Shadid was a famous war correspondent in the Middle East, covering not just the 2006 Hezbollah/Israel border conflict, but also the 2011 Libyan Civil War and the 2011-2012 Syrian Civil War before his tragic death. He possessed a keen eye for personal detail, noting local beliefs and customs, not with a wry smile and a small, sad shake of the head but instead with compassion and understanding. Take for instance the passage quoted above. Shadid's friend Shibil, who had lived some time in the US before returning to Lebanon, is shown to be of two worlds: convinced that he is outside local superstitions, yet reinforcing them all of the same subconsciously. Shadid does not mock his friend for those beliefs, but instead refers to them as a symbol of the confluence of the old and new, with the old possessing more strength than what might be expected.
The people that Shadid meet are fascinating because their concerns are at once familiar (how can we afford to pay for the things we need each day?) and foreign to affluent westerners (will the war resume? Will the Israelis take over again?). Shadid touches upon this in discussing the reasons why his grandparents and others from the last years of the Ottoman Empire until the present have left Lebanon (and by extension, other parts of the Middle East) in a great Arab diaspora. At the heart of it is the duality of family and culture (including religion; a large number of the Arabs that emigrated were Christians of all of the regional sects). Shadid touches upon these issues in his recollections of his experiences rebuilding the family bayt, noting the tragedy of the former collegiality of the local Muslims, Christians, and Druze before the French mandates of Syria and Lebanon set the powder keg of religious conflict before lighting the fuse of political/social control that finally blew up spectacularly in the Lebanese Civil War of 1975-1990. There is a sense of wistfulness in his writing of the issue, a sense of loss of what was treasured in the days of his ancestors.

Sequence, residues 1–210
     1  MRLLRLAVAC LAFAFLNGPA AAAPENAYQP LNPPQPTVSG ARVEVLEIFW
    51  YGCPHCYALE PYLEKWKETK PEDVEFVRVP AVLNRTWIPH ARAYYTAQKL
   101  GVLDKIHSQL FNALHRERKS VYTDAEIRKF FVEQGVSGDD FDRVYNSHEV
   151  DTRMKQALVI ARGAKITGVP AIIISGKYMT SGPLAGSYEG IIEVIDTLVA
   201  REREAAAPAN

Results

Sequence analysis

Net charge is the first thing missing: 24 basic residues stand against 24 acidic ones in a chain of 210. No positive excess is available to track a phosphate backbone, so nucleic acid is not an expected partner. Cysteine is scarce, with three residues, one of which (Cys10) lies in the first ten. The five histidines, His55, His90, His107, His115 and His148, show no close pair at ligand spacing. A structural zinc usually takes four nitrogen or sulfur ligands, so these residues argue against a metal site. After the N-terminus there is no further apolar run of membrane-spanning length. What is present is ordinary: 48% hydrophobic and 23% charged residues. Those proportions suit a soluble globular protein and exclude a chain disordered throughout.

The "flashback" scenes where Shadid discussed his family's reasons for emigrating and their subsequent adventures in the American Southwest are integrated nicely into the memoir. The pressure to "become American" (which involved the adoption of American nicknames, such as Abdullah/Albert and Miqbal/Mack) is contrasted with the desire to remain true to their Lebanese roots. If anything could be pointed out as a shortcoming in House of Stones, it is that perhaps there could have been even more of these scenes added to flesh out Shadid's reasons for coming back to Lebanon to reside for a spell before resuming his correspondent duties.
House of Stones is a very good memoir. It captures well the internal and external conflicts of the Lebanese and Lebanese-Americans when it comes to matters of home, family, and faith. It touches upon several tragedies of the past century and it shines a light upon the myriad and sometimes conflicting attitudes that the Lebanese have in regards to the tumultuous events of the 20th and early 21st centuries. It compares favorably with the other National Book Award finalists for Non-fiction and it certainly is a book that deserves a wide readership. It is unfortunate that Shadid died so soon after writing this book; there is the sense that there are stories left untold.